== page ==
Advisors wondering which smart beta strategies yield the best results may be disappointed to hear that there are none that consistently outperform others.

A report from Schwab on “The Elegance of Indexing,” released at this week’s Inside ETFs conference shows that none of five smart beta strategies — equal weight, fundamental, low volatility, momentum or quality — consistently outperformed over the past five years ended 2016, and the same rather random pattern continued over the most recent 11 years.

“There is a natural rotation of the best and worst performing strategy from one period to the next,” according to the report. “In 2015 momentum was the best performing strategy and in 2016 the worst. Low volatility performed well recently (2014-2015) but lagged in 2012 and 2013.”

Smart beta strategies are often grouped together, but the reality is they are very different from each other because of how they weight securities and screen them.

“All strategies have their day in the sun,” said Tony Davidow, alternative beta and asset allocation strategist at the Schwab Center for Financial Research. “You can’t really time the market or know which factor does best,” which is why he cautions advisors against moving from one smart beta strategy to another. Timing market factors is “a loser’s game,” Davidow said.

Source: Schwab

Davidow is a fan of fundamental strategy, which tends toward value, combined with a traditional market cap weight, which tends toward growth, as a core portfolio strategy. That combination “provides better diversificationand cost advantages because the market cap is typically your lowest cost solution and you get alpha, the ability to have that excess return which we find in the fundamental index strategies,” Davidow said.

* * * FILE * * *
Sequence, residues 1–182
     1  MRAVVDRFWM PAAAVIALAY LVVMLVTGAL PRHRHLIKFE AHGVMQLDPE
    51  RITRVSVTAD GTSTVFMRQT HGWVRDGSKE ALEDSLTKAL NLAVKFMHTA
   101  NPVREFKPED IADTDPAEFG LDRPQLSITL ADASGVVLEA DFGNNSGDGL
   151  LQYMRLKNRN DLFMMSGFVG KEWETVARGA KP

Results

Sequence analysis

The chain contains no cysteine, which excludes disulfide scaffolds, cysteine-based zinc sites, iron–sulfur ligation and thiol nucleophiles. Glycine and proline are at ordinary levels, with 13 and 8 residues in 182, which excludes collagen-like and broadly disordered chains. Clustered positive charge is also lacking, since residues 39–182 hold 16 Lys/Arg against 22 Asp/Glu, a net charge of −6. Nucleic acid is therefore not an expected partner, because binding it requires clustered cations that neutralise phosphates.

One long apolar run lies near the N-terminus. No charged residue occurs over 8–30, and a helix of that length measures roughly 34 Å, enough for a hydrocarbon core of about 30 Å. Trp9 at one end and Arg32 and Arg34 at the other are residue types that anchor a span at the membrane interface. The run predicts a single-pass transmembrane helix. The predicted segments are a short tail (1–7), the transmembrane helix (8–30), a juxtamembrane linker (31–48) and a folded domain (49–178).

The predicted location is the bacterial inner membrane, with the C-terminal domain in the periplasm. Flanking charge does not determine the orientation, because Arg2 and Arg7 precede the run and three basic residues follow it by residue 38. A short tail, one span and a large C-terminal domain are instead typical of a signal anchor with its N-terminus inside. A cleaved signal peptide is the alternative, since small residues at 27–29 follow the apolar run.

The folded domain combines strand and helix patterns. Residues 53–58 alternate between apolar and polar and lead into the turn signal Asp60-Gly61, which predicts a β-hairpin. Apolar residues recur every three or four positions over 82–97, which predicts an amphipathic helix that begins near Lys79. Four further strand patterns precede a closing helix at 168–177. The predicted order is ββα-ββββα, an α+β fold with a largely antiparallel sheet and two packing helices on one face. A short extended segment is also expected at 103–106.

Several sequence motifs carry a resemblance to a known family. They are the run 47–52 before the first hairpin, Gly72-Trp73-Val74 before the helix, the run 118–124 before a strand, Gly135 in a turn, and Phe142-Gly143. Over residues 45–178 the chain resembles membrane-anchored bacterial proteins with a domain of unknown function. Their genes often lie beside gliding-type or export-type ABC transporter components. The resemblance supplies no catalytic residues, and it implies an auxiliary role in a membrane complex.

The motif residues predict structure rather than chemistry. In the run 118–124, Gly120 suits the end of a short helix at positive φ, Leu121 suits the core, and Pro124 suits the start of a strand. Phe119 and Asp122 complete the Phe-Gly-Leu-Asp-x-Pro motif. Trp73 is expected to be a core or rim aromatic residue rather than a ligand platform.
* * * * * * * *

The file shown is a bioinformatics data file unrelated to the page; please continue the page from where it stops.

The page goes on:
The fundamental smart beta strategy chooses stocks based on measures such as price to sales, cash flow, dividends and buybacks. Farhan Sharaff, senior managing director of equities for Guggenheim Partners, prefers equal weight for a core portfolio strategy. Each component of an index such as the S&P 500 has the same weight, unlike traditional indexes which weight stocks according to their market caps. Sharaff appeared on a panel at the Inside ETFs conference on smart beta as a core investment strategy.

“Since 2003 equal weight has outperformed market weight,” said Sharaff whose firm pioneered the concept of with the creation of the Guggenheim S&P 500 Equal Weight ETF (RSP) in April 2003. It rebalances every quarter.

According to five and 10-year data from the Schwab Center for Financial Research, an equal weight strategy led for both time periods followed by a fundamental strategy. Both strategies outperformed market cap for five and 10 years. That was not the case for other smart beta strategies for the five-year period although quality and low volatility did outperform market cap over the 10-year period.

“Equal weight does better because it’s not a large-cap portfolio,” said Davidow, noting that about half the stocks in such a strategy are mid-caps. “It has higher performance but substantially higher risk.”

Rob Nestor, head of iShares Strategic Product Segments at BlackRock’s iShares who sat on the same panel as Sharaff, prefers multi-factor smart beta ETFs, which, according to the iShares website, provide exposure to multiple factors “while maintaining a similar level of market risk.”

Such strategies “in theory are trying to provide a better outcome,” said Davidow. “But they have to prove it … We haven’t really seen if they can generate enough excess return to justify a more expensive structure.”

The Schwab core equity strategy uses a market cap and a fundamental strategy for each of five asset classes: large cap, small cap, international, international small cap and emerging market. “We have different allocation percentages to each one of those, but in all of those, fundamental will have a larger weight than market cap.”

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